Kelp Noodles, Beer, Sin, and Goals


Yep, it's time for this months' goal support post!

For those who are not regulars here, the post is mainly a chance for people to check in and leave comments about what challenges they might be tackling, or how things are going generally, as well as to offer support to others who are doing the same.  Comments and comment replies are thus highly encouraged.

And, as is traditional, I will also cram a bunch of seemingly unrelated things together and force them into a theme involving goals.   In fact I probably should have used a catchier title, one like:

"Surprising Motivational Secret You Won't Believe!"  Or:
"For Every Thing, Turn Turn Turn, There is a Season," Or:
"Gluttony and Sloth, Your New BFFs!" Or:
"Guess What, Kelp Noodles Don't Suck, But You're Not Getting Any For Free!"

OK, maybe that last one could use a bit of work.

(But since I am gonna slip in a mini Kelp Noodle Review I wanted to warn you there is no giveaway because I was too lazy to track down the appropriate PR person and beg. Sorry).

Labor Day Has Come and Gone... Time to Kick Ass?

Perhaps the arbitrary timing of holidays doesn't affect you much. But many of us find ourselves responding psychologically to holidays like New Years or Memorial Day or Labor Day or Christmas and what they imply about the passage of time. And this can then affect the mindset we adopt for that time of year.

(Oh, and by the way, happy Welsh Rarebit Day! For those of you who are of the mindset that what the world needs is more cheese and ales sauce on toast.)

For some folks, the day after labor day signifies the end of summer, and with it, the end of fun times, sunshine, adventure, relaxation, and carefree spontaneity.

:(

(Wait, did I just do a frowny in a blog post?  Gosh we're sophisticated and scholarly around here. Methinks I have been doing way too much texting).

Anyway, for these folks, fall can be a challenge and it can be hard to stay positive and upbeat.

For others of us, the end of summer is a time to look forward in pleasant anticipation to the trees turning vivid colors, weather cooling into refreshing crispness, crowded beaches and trails emptying into quiet solitude, and the welcome departure of screaming kids and late-night-partying tourists.

And for me, the best thing is that this time of year is that it generally brings a sense of purpose and renewal. I look forward to buckling down and getting shit done, and being a bit more resourceful and self-disciplined.  The smug feeling that comes with productivity and self restraint is actually kinda wonderful.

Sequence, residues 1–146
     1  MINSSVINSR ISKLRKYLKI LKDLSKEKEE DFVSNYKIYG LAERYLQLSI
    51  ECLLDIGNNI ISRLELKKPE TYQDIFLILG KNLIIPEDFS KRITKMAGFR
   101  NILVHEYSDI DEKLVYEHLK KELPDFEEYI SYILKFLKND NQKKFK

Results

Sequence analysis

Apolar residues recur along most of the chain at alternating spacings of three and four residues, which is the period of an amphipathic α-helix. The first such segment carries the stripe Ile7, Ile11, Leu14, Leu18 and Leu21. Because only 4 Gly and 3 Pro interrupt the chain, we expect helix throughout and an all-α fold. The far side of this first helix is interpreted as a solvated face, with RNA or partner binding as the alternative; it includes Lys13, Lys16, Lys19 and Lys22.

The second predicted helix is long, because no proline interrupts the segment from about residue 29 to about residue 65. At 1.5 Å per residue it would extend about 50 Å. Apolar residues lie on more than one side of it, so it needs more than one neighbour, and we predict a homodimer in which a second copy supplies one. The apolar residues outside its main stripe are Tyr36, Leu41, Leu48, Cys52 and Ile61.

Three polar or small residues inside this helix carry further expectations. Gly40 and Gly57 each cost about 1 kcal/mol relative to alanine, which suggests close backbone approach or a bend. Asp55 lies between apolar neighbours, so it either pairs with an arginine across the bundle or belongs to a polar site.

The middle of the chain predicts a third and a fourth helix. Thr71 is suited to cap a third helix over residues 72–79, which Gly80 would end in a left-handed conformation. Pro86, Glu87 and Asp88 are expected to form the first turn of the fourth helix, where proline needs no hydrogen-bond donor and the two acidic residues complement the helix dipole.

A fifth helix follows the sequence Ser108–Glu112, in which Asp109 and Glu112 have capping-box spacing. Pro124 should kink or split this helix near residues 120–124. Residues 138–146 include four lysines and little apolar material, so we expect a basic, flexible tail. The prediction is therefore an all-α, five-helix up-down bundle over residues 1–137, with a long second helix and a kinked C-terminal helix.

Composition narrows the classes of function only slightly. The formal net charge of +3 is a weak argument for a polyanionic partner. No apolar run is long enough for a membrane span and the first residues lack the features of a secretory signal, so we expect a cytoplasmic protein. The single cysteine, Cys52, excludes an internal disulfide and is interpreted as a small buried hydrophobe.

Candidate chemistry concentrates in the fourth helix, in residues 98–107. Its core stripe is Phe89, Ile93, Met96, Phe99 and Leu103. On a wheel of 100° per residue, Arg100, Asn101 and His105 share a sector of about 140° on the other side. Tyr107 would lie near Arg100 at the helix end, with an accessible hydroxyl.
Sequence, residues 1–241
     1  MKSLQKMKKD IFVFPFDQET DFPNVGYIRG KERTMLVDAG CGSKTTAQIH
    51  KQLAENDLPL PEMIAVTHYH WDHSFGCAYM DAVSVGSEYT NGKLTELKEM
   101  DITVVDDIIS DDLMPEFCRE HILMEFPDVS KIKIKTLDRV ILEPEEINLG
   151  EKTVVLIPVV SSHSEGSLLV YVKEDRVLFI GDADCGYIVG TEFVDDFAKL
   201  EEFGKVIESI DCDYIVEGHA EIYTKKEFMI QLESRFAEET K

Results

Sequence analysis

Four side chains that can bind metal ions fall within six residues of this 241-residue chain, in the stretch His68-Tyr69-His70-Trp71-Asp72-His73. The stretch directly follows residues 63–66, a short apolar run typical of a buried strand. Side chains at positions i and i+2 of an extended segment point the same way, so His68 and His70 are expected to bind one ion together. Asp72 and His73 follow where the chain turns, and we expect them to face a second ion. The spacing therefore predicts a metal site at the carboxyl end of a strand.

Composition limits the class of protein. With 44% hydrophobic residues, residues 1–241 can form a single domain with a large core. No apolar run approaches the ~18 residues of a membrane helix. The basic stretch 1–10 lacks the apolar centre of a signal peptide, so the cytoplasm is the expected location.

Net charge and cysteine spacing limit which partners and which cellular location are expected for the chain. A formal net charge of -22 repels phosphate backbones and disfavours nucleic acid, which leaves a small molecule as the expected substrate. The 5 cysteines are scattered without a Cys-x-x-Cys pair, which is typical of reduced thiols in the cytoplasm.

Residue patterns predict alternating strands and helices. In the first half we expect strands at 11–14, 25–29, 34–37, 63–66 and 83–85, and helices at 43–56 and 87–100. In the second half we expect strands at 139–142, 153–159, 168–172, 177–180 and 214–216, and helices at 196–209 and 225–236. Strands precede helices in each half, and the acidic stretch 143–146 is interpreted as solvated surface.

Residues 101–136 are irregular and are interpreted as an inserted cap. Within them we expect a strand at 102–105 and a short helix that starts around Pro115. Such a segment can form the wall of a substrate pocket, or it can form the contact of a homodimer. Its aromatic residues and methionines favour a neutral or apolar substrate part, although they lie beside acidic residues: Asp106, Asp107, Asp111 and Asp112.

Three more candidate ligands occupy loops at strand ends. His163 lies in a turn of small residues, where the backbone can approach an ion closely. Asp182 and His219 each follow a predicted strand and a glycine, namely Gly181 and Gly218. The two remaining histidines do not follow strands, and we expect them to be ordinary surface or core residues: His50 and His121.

But This Is Not a Post About Being All Awesome and Kick-Ass and Self-Disciplined.

Instead, it's more about the opposite: embracing gluttony and sloth.

Because I don't think it's a coincidence that for me, this period of Post-Summer kick-assedness generally follows a late summer phase of greedy over-indulgence and lazing and loafing and procrastinating.

And here's what I figured out:  this is not a bad thing!

For me, it's part of a cycle, whether we're talking annually or weekly or even daily.  Some people are consistently virtuous: I admire them but I am not one of them. Neither am I a total fuck-up.

I am "good" then I am "bad" and then I am "good" again.  Overall, I maintain a healthy lifestyle and accomplish what I need to accomplish, but if you were to make a crude keyboard-graph of my actualy process, it would not look like this:                   . It's way more like: v^v^v^v^.

So given that I'm an Up and Down person, what I would really like is to have periods of virtue followed by planned periods of reward, so they don't feel like misbehavior.  Indulgence and laziness with no guilt, because it is earned!

And I'm working on that.  But I wonder if sometimes I tend to set the bar too high in terms of virtuous eating and exercise and other accomplishments, because I rarely ever feel entitled to gluttony and sloth. But they happen anyway, it's part of my cycle! After 53 years, I don't think that's gonna change and I'm not sure I even want it to.

I've wasted too many of my life's special treats by feeling a bit guilty about them because they did not feel sufficiently justified.  So how to fix this?  I'm experimenting with the idea that I need to to honor and optimize the Sinful Part of my cycle just as much as the Redemption phase.

Embracing Pre-Emptive Sin!


This experiment began during our Toronto adventure.  After a period of really virtuous eating and exercising, I found myself wanting to skip the gym in favor of walking. And some of that walking was straight to establishments where various treats were served.